SANTA CRUZ -- An unflinching big-wave rider known for his switch-stance surfing, Jeff Spencer's career burned brightly in the 1980s.
Consumed by drug and alcohol abuse, his life came to a dark end when he was found dead Sunday near West Cliff Drive. He was 49.
An off-duty San Jose firefighter came upon Spencer near a fence at David Way about 6:10 a.m., and it was unclear how long Spencer had been dead. A coroner's autopsy will determine the cause of death later this week.
Spencer was part of a powerhouse group of Santa Cruz surfers in the 80s that included Richard Schmidt, Vince Collier and Anthony Ruffo. Melissa Kreger, his common law wife of nearly 20 years, called Spencer her soul mate.
She described him as an untamed person who needed to be outdoors. He was a whiz at construction and doted on their daughter, 20, and son, 9.
"Our common link was surfing and our love of the ocean," Kreger said. "That was the thing he was best at. He was an amazing surfer. You could watch him surf and be inspired with awe."
Jeffrey Scott Spencer was born on April 8, 1963. His father died in a car wreck when he was 4 years old, so his grandmother raised him.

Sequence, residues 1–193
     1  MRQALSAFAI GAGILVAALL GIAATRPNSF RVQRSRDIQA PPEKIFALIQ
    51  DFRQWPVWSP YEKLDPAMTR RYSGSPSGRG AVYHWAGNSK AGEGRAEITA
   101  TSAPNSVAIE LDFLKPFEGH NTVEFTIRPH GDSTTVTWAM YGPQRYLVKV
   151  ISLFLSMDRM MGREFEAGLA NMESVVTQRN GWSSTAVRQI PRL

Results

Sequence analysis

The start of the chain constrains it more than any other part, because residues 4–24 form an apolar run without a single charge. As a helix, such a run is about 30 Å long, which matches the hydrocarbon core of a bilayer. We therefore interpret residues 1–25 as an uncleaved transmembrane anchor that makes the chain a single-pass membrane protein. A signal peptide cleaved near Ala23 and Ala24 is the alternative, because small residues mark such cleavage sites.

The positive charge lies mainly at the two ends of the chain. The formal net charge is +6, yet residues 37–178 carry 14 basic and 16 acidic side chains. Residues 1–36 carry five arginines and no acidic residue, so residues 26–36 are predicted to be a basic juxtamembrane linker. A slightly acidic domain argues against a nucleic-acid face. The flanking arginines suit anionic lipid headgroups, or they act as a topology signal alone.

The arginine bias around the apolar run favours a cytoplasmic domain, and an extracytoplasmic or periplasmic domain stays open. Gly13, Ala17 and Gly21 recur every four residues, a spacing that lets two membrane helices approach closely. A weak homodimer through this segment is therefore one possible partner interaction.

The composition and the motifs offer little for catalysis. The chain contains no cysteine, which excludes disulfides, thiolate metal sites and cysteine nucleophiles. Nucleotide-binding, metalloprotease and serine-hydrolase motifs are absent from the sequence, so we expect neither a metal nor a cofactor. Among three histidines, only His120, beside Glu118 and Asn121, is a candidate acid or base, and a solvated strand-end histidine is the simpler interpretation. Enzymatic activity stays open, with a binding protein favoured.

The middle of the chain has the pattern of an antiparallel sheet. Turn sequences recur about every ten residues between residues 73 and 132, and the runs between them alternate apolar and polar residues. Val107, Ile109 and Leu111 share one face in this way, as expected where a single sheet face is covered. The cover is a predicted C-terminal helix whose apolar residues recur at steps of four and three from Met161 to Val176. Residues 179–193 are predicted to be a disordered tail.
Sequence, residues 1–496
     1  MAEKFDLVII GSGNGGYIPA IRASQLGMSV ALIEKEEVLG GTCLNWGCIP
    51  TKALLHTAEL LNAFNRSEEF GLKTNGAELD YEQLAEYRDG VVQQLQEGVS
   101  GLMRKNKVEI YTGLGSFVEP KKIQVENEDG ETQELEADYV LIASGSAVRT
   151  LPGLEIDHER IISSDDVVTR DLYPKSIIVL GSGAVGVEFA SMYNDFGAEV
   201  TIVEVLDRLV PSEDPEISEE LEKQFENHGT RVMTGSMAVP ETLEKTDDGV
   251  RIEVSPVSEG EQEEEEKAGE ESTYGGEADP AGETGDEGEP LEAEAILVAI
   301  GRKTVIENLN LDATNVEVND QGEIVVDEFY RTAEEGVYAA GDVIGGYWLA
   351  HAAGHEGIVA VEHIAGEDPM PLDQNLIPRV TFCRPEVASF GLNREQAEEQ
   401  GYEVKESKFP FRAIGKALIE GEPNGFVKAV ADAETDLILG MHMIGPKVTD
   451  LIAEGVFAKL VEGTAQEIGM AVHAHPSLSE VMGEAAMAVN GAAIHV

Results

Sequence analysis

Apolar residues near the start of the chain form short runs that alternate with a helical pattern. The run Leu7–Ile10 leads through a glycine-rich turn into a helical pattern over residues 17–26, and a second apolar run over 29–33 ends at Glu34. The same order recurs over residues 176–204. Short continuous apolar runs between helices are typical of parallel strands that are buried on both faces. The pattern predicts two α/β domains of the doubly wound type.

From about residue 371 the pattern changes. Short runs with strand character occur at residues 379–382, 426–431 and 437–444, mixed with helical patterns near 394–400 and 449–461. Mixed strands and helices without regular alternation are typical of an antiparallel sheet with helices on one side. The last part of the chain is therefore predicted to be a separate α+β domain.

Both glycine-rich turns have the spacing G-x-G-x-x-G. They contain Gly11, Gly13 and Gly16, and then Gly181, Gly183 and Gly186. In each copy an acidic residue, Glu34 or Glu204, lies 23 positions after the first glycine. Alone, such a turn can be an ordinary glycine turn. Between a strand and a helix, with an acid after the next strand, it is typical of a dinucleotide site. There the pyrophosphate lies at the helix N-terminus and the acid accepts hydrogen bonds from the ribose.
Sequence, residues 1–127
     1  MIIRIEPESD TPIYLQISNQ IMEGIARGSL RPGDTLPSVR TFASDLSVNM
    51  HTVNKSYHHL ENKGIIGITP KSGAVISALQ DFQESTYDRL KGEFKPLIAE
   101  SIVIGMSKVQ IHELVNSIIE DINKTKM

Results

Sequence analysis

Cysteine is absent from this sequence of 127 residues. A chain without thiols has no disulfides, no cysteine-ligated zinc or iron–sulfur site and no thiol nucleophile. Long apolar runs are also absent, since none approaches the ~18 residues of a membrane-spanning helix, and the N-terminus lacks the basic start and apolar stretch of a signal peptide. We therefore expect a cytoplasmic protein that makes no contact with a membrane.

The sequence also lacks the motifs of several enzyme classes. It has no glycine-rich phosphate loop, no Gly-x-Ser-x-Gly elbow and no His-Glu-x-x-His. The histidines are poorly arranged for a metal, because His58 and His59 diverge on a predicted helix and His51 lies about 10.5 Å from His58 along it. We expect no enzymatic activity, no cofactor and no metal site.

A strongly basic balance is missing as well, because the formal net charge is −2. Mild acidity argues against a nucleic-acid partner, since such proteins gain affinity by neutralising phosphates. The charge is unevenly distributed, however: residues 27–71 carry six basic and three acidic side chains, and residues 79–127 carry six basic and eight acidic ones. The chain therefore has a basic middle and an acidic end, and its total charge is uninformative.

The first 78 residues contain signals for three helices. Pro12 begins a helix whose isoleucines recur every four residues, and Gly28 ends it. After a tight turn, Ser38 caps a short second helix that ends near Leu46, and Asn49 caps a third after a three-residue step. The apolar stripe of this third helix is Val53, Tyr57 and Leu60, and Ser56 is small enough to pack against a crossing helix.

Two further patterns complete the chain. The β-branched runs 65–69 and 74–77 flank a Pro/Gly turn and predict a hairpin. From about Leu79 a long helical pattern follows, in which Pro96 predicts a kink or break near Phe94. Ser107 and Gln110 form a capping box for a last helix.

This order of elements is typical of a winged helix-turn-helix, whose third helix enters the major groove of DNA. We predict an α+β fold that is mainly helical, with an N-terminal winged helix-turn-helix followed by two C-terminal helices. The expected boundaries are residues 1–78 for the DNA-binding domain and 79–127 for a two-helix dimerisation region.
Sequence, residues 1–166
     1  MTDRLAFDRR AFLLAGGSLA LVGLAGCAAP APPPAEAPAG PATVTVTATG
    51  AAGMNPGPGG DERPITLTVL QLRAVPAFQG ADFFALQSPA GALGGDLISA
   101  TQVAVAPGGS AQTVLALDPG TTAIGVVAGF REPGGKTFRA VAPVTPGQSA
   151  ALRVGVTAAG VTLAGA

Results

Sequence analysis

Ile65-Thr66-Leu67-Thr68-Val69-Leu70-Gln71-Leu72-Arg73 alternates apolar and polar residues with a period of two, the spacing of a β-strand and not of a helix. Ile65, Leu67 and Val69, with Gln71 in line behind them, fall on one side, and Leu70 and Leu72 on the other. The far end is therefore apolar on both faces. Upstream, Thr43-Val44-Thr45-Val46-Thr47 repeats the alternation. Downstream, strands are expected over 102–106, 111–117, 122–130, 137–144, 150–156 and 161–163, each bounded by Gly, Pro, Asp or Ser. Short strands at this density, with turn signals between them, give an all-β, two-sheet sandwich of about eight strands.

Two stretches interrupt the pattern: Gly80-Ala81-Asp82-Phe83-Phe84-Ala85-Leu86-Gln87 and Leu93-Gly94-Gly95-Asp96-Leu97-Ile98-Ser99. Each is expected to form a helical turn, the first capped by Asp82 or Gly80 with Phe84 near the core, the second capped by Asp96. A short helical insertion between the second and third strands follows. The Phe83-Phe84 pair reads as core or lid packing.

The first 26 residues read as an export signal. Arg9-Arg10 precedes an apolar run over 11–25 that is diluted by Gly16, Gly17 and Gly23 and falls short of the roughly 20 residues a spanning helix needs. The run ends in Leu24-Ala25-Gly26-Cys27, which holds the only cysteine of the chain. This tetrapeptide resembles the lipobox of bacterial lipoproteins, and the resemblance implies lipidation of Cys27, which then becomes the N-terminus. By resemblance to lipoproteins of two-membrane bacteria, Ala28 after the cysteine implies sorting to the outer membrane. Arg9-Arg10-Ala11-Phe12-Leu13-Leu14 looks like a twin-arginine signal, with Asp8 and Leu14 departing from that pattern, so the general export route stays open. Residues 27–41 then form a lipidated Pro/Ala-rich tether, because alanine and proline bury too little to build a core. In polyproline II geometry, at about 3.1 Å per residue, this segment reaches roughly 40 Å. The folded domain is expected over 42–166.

Spencer's gaze turned to surfing. He was in the class of 1981 at Santa Cruz High School but never graduated.
Able to surf with his left or right foot forward, Spencer was one of few ambidextrous surfers with the advantage of facing the wave at all times.
Sponsored by surfboard shaper Rick Noe and later Buck Noe, Spencer went on globe-trotting surf trips in the 80s and 90s.
With well-known photographers like Chris Klopf, they surfed in Indonesia, South Africa, Mexico and Hawaii.
"He just kind of lived in the moment," Klopf said, who called Spencer easy going and mellow. His temper had a long fuse.
"He was definitely smarter than people thought he was," Klopf added.
In the spring of 1990, Spencer met Kreger. They had two children, Maya Rose Spencer and Wesley Cole Spencer. Kreger described Spencer as a "true" person, who was trustworthy.
However, Spencer struggled with alcohol, marijuana and meth. He inherited his grandmother's house, but later lost it.
Kreger shepherded Spencer through Alcoholics Anonymous and Narcotics Anonymous for years. They bought a dilapidated home in Santa Cruz, which Spencer reconstructed expertly.
Eventually in 2008, Kreger left Santa Cruz for Massachusetts with their children. It was an extremely difficult decision. But in the past few years, Spencer apparently had lived in caves near the beach at Mitchell's Cove.
"I loved him for 20 years and I never stopped loving him. Any of the boys on the Westside will tell you. They said, 'You're his angel.' It came to a point where I had to make a decision for our kids to not let them see it anymore."